'Shatter Me' author Tahereh Mafi talks her debut dystopian novel
Shatter Me, 23-year-old Tahereh Mafi’s YA debut, hit shelves Nov. 15. It’s been out a little more than a week, and Shatter Me is already a hot commodity in the book world — as of now, the foreign rights have been sold in 19 countries, and 20th Century Fox already purchased the film rights.
Set in a dystopian society, Shatter Me follows Juliette, a girl who has the ability to kill people with a single touch. She’s been locked away for 264 days, and the crumbling government wants to use her gift/curse as a weapon.
Mafi took some time out of her busy schedule to answer a few burning questions about the Shatter Me trilogy series.
ENTERTAINMENT WEEKLY: How did you come up with the idea for Shatter Me?
TAHEREH MAFI: I didn’t, actually. [Laughs] That sounds kind of strange, but the truth is I just heard the voice of a girl in my head one day. I didn’t know much about her except that she was locked in a dark corner and afraid to speak. I couldn’t stop thinking about who she was and why I was able to imagine her so clearly. So I just opened a blank document one day and tried to capture her voice on paper. She led the story, and told me where to go from there.
What inspired the story? I see some X-Men influence.
Shatter Me is, at its core, a story about a girl trying to find herself — trying to understand herself — in a society trying to tell her who to be. She has a lethal touch. She’s been branded a monster. The government wants to use her as a weapon in their war. But ultimately, Juliette is just a teenager trying to find a way to live. My only real inspiration for this book is an interest in human nature and our ability to overcome great obstacles.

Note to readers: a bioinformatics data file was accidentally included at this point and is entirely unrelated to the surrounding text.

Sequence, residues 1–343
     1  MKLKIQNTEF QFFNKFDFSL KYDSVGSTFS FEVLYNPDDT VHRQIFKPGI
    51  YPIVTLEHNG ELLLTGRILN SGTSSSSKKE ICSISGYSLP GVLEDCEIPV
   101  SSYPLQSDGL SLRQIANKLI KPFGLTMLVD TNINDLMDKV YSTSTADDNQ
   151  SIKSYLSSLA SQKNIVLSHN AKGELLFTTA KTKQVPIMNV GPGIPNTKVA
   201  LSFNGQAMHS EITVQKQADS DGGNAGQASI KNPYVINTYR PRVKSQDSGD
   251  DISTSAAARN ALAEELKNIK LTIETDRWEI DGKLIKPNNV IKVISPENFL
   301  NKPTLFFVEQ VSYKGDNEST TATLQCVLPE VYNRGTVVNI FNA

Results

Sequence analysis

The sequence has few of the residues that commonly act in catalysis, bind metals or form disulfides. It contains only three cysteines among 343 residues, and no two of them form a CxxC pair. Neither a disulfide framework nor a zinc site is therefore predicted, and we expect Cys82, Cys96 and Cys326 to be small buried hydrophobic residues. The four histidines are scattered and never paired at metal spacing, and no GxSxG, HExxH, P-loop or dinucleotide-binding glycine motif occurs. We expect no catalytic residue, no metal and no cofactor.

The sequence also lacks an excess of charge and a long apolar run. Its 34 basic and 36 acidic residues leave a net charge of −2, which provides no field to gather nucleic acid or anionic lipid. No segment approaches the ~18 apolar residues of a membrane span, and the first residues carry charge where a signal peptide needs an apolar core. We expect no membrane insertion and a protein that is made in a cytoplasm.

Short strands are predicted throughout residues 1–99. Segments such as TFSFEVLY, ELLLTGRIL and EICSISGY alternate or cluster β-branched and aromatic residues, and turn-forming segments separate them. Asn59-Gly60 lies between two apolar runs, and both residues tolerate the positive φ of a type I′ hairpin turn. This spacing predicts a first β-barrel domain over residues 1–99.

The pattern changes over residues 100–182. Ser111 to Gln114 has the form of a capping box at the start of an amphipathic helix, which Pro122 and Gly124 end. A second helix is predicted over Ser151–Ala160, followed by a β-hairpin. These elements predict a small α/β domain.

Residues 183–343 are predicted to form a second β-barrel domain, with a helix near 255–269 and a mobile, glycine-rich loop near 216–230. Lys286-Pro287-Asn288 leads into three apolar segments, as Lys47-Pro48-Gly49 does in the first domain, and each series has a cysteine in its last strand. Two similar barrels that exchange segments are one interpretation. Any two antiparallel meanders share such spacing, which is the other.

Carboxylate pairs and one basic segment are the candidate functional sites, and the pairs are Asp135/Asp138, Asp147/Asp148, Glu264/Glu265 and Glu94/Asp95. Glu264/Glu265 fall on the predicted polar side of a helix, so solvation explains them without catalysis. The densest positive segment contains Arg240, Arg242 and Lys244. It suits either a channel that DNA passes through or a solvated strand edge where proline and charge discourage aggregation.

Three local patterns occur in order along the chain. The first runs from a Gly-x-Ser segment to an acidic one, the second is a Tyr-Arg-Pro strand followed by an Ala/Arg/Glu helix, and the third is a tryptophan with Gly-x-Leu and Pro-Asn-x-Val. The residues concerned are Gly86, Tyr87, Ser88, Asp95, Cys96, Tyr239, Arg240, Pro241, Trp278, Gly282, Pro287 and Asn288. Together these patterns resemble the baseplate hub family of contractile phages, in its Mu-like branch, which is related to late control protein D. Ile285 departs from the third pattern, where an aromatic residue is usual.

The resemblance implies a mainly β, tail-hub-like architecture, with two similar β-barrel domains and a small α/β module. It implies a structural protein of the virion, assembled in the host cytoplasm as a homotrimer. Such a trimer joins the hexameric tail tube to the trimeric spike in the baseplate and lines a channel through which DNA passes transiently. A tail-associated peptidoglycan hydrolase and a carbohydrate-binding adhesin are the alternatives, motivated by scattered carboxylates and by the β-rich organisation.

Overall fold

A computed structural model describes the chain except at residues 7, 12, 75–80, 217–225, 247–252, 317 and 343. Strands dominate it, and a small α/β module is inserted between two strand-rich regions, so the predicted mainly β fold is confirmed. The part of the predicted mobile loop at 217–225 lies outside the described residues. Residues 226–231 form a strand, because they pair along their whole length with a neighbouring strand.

Did you always know where the story would go? And did you know there would be enough material for a trilogy?
I don’t outline when I write, but I always had a general idea for where the series would go and how it would develop. I knew from the beginning that it could be much more than one book, and I wrote Shatter Me with that specific focus in mind; any loose threads or unanswered questions at the end of the first book were intentional.
How does it feel to be compared to/mentioned in the same vein as other YA hits like The Hunger Games?
It’s unbelievably flattering, because I’m a huge, huge fan of The Hunger Games. But it’s also kind of embarrassing, because I’d never dream of comparing myself to someone like Suzanne Collins. Suzanne Collins has created something so extraordinary as to inspire and elicit visceral reactions from readers. I love those books, and still can’t think of Peeta without being emotionally overwhelmed.
Speaking of the early success of Shatter Me, as of now, the foreign rights have already been sold in 19 countries and the film rights have also been sold. How does that feel?
It doesn’t feel real. It feels like way more than my brain can handle right now.
I know book two doesn’t come out until fall of 2012, but is there anything you can share with fans about what to expect in the Shatter Me follow-up?
Yes! I actually just finished writing the second book not too long ago, so, without giving too much away, I can tell you that it’s quite a bit longer than the first, and you’ll learn a ton more about the world an its characters. More kissing. More fighting. Lots of drama.
Anything else you want to add about Shatter Me or the series?
Only this: If you read the book and find yourself drawn to the villain, don’t worry. I won’t think you’re crazy.